In the “Statement of Intent 2003 – 2006”
The Department of Conservation is the leading central government agency responsible for the conservation of New Zealand’s natural and historic heritage. Its legislative mandate is the Conservation Act 1987 (“the Conservation Act”) and other key statutes such as the National Parks Act 1980 (“the National Parks Act”) and Reserves Act 1977 (“the Reserves Act”). Like other government departments, the Department has the responsibility to advise Ministers and the Government and to implement Government policy.
The Department’s key functions as set out in the Conservation Act are to:
- Manage land and other natural and historic resources.
- Preserve as far as practicable all indigenous freshwater fisheries.
- Protect recreational fisheries and freshwater habitats.
- Advocate conservation of natural and historic resources.
- Promote the benefits of conservation (including Antarctica and internationally).
- Provide conservation information.
- Foster recreation and allow tourism, to the extent that use is not inconsistent with the conservation of any natural or historic resource.
The Department has a particular responsibility under s4 of the Conservation Act to interpret and administer the Act so as to give effect to the principles of the Treaty of Waitangi. This involves building and supporting effective conservation relationships with tangata whenua at the local level.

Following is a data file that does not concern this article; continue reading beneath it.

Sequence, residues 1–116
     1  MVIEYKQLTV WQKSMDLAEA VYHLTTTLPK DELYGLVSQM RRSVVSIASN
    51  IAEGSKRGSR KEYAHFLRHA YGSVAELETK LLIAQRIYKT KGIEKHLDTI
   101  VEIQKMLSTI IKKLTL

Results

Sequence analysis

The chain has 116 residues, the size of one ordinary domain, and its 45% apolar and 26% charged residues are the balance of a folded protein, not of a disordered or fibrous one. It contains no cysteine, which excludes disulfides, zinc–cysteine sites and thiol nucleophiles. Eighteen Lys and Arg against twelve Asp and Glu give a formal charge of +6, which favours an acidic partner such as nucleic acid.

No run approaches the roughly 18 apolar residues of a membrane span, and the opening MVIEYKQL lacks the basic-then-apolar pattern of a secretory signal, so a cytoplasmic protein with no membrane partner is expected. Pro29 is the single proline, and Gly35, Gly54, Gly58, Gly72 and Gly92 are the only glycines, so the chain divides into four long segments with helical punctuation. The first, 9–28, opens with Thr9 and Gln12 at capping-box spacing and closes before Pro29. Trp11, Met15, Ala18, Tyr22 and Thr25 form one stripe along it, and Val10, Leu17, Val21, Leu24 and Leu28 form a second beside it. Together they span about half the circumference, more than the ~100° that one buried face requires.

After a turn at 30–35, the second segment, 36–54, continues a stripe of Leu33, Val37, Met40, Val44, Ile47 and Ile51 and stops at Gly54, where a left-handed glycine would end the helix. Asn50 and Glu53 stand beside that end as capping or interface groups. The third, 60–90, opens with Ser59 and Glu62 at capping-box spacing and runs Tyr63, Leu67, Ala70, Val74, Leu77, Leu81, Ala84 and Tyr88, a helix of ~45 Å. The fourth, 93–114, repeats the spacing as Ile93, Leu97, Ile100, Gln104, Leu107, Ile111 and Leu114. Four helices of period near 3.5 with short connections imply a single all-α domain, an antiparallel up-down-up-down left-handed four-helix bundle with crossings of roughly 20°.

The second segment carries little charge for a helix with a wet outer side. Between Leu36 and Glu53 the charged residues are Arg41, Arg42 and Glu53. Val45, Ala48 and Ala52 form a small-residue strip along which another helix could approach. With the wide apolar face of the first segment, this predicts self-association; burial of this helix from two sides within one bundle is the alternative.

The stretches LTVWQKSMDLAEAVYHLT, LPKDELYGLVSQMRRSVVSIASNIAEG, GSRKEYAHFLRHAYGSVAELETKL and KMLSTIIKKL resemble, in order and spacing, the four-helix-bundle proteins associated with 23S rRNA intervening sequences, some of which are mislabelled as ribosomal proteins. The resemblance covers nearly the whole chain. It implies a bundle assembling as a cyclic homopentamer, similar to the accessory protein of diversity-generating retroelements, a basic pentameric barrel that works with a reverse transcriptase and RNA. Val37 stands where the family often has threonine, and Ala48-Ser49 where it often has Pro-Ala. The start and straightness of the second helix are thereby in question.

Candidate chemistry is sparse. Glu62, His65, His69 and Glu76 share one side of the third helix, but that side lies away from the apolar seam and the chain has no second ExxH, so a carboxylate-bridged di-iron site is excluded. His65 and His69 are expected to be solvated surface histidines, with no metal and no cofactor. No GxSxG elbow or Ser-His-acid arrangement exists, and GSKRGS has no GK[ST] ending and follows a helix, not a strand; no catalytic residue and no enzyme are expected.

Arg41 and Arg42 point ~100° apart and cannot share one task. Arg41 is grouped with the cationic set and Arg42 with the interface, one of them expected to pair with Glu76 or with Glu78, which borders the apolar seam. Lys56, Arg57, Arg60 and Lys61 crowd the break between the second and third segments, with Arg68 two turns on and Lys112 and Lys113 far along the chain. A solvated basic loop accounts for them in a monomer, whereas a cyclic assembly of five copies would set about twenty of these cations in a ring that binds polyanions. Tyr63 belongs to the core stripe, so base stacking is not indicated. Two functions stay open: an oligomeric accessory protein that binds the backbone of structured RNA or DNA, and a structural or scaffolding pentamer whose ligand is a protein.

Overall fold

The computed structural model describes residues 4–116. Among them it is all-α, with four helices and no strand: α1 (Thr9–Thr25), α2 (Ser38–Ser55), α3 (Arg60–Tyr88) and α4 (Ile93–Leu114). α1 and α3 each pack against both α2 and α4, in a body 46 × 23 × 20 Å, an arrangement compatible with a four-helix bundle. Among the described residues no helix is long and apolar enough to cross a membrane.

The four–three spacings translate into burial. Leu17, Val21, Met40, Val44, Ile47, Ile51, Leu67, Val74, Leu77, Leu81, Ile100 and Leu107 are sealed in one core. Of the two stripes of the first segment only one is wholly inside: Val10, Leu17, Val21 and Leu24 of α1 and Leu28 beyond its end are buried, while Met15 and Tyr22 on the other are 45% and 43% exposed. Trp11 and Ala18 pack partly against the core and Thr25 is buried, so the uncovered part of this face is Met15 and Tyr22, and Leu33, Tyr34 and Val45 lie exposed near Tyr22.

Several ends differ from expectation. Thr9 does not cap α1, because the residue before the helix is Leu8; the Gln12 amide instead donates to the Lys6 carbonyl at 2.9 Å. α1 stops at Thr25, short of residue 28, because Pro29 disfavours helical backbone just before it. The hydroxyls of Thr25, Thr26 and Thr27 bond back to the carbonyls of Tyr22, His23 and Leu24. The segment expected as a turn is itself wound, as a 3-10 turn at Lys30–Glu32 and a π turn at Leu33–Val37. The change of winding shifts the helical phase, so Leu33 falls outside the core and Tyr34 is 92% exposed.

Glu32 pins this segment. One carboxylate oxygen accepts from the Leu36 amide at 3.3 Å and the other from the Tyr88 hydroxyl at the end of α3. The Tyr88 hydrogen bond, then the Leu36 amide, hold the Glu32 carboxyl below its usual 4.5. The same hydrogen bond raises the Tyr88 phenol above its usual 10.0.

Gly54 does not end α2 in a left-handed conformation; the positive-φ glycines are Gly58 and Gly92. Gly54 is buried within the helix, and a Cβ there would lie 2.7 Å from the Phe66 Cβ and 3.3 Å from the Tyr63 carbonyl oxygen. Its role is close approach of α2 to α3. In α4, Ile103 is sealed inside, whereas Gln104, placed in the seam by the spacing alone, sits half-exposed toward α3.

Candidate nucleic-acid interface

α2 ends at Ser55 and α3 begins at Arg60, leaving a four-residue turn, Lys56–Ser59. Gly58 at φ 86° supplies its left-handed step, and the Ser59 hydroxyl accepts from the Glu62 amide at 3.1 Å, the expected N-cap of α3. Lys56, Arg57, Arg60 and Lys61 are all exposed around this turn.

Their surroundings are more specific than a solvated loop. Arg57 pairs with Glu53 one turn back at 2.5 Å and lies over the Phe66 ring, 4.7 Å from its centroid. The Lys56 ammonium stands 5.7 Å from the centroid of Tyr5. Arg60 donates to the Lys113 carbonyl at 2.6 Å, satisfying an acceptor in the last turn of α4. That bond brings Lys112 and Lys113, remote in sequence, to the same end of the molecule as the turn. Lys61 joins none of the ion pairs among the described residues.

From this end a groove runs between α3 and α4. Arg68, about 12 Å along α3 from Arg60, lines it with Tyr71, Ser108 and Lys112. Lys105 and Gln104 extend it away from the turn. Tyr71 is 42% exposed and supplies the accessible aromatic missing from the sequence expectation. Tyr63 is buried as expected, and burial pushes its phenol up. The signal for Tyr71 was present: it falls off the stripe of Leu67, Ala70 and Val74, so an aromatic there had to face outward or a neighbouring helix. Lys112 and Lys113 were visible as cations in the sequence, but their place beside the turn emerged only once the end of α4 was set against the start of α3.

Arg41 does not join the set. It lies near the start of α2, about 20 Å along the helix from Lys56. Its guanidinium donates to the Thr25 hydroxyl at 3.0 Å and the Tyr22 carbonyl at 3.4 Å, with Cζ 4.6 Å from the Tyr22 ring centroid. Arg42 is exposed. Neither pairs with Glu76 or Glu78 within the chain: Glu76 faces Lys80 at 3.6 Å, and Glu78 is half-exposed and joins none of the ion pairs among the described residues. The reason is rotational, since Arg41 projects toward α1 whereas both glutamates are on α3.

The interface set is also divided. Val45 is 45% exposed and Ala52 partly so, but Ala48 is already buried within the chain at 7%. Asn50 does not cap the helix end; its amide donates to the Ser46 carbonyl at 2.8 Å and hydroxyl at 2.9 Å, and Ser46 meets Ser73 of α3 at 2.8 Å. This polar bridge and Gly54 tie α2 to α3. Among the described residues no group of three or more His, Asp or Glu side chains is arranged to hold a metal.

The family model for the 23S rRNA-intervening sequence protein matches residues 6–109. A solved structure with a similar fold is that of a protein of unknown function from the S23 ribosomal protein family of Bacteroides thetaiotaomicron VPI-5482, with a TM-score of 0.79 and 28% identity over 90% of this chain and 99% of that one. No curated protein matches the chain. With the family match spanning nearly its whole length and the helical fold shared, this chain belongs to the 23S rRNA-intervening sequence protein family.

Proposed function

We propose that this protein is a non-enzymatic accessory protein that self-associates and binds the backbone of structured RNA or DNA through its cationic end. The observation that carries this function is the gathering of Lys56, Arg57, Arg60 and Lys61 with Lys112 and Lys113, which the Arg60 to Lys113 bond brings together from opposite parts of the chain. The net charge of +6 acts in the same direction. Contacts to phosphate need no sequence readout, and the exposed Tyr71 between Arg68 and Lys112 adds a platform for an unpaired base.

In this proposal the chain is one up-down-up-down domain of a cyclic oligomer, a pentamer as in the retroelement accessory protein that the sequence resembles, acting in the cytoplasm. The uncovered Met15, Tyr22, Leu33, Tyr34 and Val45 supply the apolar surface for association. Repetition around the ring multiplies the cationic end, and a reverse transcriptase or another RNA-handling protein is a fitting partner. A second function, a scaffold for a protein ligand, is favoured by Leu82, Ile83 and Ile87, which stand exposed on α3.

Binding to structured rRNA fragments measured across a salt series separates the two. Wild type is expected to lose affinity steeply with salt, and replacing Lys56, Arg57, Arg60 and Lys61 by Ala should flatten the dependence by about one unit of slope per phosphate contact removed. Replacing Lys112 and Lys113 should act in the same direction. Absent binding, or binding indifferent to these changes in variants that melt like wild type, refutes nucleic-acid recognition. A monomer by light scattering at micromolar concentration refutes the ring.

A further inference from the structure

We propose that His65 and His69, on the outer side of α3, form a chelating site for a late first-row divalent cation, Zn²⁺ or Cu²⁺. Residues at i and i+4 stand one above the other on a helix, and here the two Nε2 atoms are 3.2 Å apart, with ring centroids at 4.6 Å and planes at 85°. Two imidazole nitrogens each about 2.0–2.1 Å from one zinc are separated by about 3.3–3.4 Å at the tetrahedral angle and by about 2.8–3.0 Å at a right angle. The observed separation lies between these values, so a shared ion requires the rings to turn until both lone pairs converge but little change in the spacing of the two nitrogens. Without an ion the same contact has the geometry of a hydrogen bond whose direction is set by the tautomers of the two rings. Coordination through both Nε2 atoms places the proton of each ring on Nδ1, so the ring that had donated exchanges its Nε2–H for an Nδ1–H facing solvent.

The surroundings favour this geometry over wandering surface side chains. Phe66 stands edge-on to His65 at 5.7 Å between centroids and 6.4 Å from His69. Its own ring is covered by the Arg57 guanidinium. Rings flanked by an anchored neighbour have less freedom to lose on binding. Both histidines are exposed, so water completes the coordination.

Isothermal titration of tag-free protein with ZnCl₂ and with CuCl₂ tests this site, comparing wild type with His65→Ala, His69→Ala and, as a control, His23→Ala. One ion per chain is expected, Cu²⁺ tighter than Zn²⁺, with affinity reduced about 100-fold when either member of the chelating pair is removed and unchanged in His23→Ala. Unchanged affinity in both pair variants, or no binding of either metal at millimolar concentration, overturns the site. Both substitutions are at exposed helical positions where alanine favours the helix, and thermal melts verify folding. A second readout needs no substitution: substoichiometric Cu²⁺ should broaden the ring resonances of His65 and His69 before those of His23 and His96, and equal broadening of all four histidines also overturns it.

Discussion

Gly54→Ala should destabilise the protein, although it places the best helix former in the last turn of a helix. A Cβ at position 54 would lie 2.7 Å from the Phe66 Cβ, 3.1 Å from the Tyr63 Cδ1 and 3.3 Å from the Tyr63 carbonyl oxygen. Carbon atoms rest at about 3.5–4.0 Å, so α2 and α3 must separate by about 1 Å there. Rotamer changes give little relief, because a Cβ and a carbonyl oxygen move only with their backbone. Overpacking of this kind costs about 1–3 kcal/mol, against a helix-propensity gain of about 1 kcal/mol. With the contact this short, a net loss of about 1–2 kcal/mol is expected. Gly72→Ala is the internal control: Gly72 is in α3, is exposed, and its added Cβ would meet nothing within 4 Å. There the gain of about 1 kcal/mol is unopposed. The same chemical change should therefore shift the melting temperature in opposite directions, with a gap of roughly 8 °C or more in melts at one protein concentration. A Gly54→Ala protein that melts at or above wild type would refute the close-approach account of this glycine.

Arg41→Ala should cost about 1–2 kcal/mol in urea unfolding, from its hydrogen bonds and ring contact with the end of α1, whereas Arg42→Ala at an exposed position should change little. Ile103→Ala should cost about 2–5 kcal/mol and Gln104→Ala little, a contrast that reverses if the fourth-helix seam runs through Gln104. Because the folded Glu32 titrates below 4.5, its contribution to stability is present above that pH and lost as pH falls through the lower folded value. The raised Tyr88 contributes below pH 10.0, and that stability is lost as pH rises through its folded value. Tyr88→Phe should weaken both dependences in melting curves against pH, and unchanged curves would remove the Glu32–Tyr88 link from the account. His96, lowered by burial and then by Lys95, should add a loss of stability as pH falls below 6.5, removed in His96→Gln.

The Department also contributes to the conservation and sustainable management of natural and historic heritage in areas for which it is not directly responsible. It does this through its roles under other statutes including the Resource Management Act 1991 (“the Resource Management Act”), the Fisheries Acts 1983 and 1996, the Marine Reserves Act 1971, the Biosecurity Act 1993, the Forest and Rural Fires Act 1977 and the Crown Pastoral Land Act 1998.
Conservation management and the work of the Department are characterised by a high level of public interest. Conservation is based on societal support and on the concept that conservation land is the common heritage of all New Zealanders. As such, conservation land is public land. These principles are inherent in all conservation legislation. One formal avenue for public input into conservation management is through conservation boards and the New Zealand Conservation Authority, independent bodies appointed by the Minister. The Authority has powers to approve formal management plans binding the Department, and also serves to advise the Minister.